Crown jewels hidden in biscuit tin during WW2

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The correct answer to where is: In a biscuit tin buried beneath Windsor Castle.

The documentary also includes behind-the-scenes footage of the coronation, showcasing the Queen's son, Prince Charles, and his younger Sister, Anne, on the day of their mother's crowning.

It will air on BBC One in the United Kingdom on Sunday.

Royal commentator Alastair Bruce said the head has to be kept still when wearing it and the Queen agreed: "Yes".

Mr Bruce was able to "gently" nudge the Queen to elicit further insights which "worked very well" during the 90-minute encounter, which he described as a "conversation". Even though several of her family members seemed befuddled by Graham, his fiery preaching style piqued the queen's curiosity, and she asked for a private meeting with him. The trap door that led to the secret area still exists today.

The documentary "The Coronation" is part of the Royal Collection Season and will be screened in the United Kingdom on BBC One at 8pm local time on Sunday.

"You can't look down to read the speech, you've got to take the speech up, if you don't your neck would break, it would fall off", the Queen said referring to the annual ceremony of the opening of the British Parliament, and the state speech where she reads the Government's programme. "Once you put it on, it stays".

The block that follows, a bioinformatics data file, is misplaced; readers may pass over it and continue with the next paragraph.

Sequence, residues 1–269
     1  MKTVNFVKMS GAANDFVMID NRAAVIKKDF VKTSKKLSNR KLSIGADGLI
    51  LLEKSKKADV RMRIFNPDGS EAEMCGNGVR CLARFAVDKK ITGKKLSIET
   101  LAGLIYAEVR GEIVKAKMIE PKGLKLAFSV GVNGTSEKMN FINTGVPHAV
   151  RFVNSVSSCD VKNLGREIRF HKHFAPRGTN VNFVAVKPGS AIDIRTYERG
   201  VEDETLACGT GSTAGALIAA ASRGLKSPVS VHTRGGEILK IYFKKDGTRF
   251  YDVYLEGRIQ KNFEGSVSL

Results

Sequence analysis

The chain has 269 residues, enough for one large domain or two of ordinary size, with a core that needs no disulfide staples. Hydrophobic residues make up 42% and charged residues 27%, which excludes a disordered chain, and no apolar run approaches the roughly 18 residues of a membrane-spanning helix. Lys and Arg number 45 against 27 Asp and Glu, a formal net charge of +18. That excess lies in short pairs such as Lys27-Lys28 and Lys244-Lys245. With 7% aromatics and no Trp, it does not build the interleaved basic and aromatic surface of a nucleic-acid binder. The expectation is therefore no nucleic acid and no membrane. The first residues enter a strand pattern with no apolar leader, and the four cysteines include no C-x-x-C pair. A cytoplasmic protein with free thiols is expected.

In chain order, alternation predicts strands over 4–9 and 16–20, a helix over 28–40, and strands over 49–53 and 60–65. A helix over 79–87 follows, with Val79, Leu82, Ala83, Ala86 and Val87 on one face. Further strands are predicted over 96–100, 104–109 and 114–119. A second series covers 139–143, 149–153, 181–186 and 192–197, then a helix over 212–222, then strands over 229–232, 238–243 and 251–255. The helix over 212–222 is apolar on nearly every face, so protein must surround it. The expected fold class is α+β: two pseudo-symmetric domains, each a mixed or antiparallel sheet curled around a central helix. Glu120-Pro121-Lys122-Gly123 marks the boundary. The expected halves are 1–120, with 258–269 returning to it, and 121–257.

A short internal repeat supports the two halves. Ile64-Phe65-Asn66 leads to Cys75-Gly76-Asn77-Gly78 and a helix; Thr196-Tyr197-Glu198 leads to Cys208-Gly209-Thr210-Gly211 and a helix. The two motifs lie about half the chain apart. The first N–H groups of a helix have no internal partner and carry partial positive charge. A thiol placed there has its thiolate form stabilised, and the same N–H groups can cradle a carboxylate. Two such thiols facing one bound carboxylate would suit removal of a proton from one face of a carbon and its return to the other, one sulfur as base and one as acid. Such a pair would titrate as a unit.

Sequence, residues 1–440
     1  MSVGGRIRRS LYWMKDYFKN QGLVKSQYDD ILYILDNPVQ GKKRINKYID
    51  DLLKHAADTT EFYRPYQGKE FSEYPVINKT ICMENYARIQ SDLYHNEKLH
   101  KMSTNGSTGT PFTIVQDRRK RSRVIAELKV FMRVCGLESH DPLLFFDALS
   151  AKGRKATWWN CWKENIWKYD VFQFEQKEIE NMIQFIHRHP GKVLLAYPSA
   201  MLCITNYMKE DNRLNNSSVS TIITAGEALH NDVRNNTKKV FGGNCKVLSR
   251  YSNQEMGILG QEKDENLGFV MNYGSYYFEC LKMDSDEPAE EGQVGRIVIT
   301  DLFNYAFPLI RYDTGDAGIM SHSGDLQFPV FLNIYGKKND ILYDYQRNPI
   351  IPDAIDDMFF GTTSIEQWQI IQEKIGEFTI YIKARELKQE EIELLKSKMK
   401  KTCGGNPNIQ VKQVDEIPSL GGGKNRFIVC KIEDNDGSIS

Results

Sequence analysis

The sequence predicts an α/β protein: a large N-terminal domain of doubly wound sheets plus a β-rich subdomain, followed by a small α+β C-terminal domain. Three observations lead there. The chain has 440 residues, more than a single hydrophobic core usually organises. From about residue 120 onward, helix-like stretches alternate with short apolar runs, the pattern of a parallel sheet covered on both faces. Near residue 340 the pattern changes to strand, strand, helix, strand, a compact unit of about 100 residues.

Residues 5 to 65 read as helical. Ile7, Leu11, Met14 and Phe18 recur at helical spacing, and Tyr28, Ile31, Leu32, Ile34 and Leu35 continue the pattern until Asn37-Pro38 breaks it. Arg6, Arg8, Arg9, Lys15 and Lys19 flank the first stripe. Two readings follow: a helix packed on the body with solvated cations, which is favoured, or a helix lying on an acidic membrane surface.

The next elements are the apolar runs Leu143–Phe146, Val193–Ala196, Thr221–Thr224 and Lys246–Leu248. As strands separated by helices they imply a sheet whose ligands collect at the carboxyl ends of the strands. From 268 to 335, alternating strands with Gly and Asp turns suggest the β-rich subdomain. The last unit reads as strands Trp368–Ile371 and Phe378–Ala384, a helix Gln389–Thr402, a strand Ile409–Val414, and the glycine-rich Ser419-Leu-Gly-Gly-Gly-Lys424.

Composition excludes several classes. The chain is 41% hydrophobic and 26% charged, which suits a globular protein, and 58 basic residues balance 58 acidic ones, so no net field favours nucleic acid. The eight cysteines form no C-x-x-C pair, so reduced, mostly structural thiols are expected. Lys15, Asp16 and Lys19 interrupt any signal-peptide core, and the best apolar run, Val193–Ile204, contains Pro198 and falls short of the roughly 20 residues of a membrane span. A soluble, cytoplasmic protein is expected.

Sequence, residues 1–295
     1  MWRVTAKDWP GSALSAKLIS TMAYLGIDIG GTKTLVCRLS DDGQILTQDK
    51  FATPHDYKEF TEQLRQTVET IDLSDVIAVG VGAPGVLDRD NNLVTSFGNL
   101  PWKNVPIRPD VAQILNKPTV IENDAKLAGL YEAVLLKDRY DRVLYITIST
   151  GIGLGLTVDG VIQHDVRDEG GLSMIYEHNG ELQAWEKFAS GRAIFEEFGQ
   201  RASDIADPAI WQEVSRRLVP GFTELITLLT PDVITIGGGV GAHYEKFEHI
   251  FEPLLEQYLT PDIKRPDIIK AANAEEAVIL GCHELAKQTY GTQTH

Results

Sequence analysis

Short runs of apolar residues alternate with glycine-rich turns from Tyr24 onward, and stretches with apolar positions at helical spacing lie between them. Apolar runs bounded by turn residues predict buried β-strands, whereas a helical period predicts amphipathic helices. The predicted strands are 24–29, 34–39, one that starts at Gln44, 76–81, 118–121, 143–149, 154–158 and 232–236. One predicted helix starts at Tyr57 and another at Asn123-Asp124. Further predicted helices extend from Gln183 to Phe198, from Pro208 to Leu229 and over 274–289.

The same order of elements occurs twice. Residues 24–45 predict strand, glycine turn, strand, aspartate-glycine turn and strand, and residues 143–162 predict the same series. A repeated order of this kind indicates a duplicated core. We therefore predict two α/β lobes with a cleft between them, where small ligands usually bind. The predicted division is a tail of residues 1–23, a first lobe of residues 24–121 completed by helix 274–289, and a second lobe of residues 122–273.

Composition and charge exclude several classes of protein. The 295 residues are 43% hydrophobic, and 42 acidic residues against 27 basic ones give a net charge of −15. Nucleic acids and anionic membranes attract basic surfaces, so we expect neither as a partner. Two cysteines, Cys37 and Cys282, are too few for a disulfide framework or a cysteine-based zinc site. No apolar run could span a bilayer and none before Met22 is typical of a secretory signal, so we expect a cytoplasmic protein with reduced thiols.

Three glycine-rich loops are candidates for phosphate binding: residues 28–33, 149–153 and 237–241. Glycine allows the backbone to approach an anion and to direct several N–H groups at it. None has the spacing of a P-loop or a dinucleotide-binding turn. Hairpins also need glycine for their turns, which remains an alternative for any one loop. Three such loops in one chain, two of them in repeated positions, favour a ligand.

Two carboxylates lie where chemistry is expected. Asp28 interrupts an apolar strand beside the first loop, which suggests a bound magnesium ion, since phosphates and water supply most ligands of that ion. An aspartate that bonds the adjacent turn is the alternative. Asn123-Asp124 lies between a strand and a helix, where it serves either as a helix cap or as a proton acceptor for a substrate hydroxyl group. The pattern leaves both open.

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In the hour-long program "The Coronation", Queen Elizabeth gives viewers her personal account of the memorable event that took place 65 years ago, sharing just what it was like to be in her shoes.

The keepers of the royal things were a little anxious about all the important crowns and stuff going missing or getting bombed during the second world war, hence the most important elements of the Crown Jewels were taken from their position in the Tower of London and hidden away.

"There are some disadvantages to crowns but, otherwise they are quite important things", the Queen added with a smile evocating her coronation on June 2, 1953, one year after her father King George VI died.

The Imperial State Crown was made for George VI's Coronation in 1937 and is set with 2,868 diamonds including 17 sapphires, 11 emeralds and hundreds of pearls, including four known as Queen Elizabeth I's earrings.

She claims it is so heavy that she has to keep her head lifted in fear of breaking her neck.

In Graham's autobiography, Just As I Am, the man of faith wrote, "No one in Britain has been more cordial toward us than Her Majesty Queen Elizabeth II".